“It means we work with many clients, but we do not discriminate,” he said. “We’re open to every kind of company at any stage. We want to pinpoint their goals, give them advice, guidance, use of templates, checklists, education and connections.” 

Tangible results

Industrial engineer Roberto Bellido-Diaz’s story is one of several triumphant tales of immigrant entrepreneurship the SBDC has facilitated, according to Rondon.

As a child growing up in the mountain-surrounded city of Arequipa in Peru (coincidentally, the same hometown as Rondon), Bellido-Diaz dreamed of launching a business that would increase employment opportunities for his local community.

“In the high mountains of Peru, things are sometimes hard — resources are limited, but mostly opportunities are limited,” said Bellido-Diaz (SCI ’23G). “We saw an opportunity for development if financial institutions would lend money to rural areas for improvement. The problem: [Those institutions] did not find enough people trained to expand commercially.” 

Bellido-Diaz eventually launched Ignis, a software development firm that specializes in training for financial services and sales and develops mobile applications for managing relationships with customers. The firm’s success — training and placing hundreds of employees and attracting at least 10 new banks to the area — fueled his ambition to expand operations when he arrived in Pittsburgh in 2021.

Though he described feeling “lucky” to pursue a master’s in information sciences at Pitt, the hurdles he faced in establishing a U.S. arm of the business were compounded by a lack of resources for Spanish speakers.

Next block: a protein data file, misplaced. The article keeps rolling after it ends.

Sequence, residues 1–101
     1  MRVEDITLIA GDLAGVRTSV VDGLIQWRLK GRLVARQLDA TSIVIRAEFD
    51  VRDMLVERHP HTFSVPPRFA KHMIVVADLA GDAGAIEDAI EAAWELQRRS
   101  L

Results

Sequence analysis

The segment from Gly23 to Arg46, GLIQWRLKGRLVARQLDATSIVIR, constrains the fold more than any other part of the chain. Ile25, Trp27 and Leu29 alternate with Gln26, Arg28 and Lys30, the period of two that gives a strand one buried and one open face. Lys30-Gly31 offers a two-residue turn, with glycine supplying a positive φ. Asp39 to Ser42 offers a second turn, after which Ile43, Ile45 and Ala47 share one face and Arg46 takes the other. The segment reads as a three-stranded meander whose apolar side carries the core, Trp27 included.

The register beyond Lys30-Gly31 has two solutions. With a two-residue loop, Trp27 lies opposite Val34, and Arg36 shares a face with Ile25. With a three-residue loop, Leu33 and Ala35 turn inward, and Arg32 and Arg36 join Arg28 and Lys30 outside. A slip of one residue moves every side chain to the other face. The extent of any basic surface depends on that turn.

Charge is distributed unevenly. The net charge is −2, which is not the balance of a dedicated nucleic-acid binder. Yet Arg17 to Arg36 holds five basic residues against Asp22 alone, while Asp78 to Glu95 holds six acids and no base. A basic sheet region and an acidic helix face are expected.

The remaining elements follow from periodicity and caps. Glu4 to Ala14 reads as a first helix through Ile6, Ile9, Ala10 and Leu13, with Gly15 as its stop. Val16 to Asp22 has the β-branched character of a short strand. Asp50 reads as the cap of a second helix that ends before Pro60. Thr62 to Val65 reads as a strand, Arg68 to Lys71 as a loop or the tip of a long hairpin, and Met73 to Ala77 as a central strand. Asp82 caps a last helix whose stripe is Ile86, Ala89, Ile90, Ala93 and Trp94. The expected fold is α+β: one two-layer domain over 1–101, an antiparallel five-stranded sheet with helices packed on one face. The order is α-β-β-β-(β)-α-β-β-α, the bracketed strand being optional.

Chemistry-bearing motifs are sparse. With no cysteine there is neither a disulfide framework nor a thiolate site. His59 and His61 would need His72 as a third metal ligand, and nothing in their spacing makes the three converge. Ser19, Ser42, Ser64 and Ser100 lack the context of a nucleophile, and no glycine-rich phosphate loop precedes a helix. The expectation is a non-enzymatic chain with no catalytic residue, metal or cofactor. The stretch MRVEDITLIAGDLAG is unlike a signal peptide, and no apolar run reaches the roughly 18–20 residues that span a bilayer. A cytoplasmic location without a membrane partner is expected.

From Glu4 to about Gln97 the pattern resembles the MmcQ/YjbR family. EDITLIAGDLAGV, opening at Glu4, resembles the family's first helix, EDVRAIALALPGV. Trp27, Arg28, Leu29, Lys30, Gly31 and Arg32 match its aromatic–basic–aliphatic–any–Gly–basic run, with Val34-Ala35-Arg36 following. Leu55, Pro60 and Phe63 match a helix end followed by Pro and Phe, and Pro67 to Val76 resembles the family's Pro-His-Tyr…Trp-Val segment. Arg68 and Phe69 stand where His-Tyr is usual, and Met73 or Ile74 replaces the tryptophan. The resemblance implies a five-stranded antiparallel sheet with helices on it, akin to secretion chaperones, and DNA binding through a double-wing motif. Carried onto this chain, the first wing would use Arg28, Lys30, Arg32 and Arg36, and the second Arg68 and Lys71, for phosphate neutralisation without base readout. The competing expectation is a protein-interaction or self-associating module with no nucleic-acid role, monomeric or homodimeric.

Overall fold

“Trying to open a company in another language, the jargon matters,” said Bellido-Diaz, citing that misunderstanding even a few words can further complicate navigating the legal system, understanding corporate structures or obtaining a federal tax identification number. “These things were new to us.”

Fortunately, it wasn’t long before a friend informed him that the SBDC, part of the Institute for Entrepreneurial Excellence, had a solution. The support and growth the SDBC facilitated helped Bellido-Diaz and Ignis Technology navigate the U.S. business terrain and further innovate. Drawing inspiration from family members working in health care, he said he is now focused on enhancing patient experiences in medical environments by integrating AI.

“As a software company, you work on different problems that might seem unrelated, but how you approach and handle the information is similar,” Bellido-Diaz said. “We believe it is possible to learn about patients if we see every health interaction as a single touchpoint in the context of a longer wellness journey.”

Rondon expressed pride in Diaz’s journey. And, he said, this is just the start.

“As I usually say, Hispanics in Western Pennsylvania are still the invisible group,” said Rondon. “There are many entrepreneurs who want to do this — and can — they just need assistance and the information in Spanish. After that, they have no limits for growth. They bring a sense of eternal hope.”

 

— Kara Henderson, photography by Aimee Obidzinski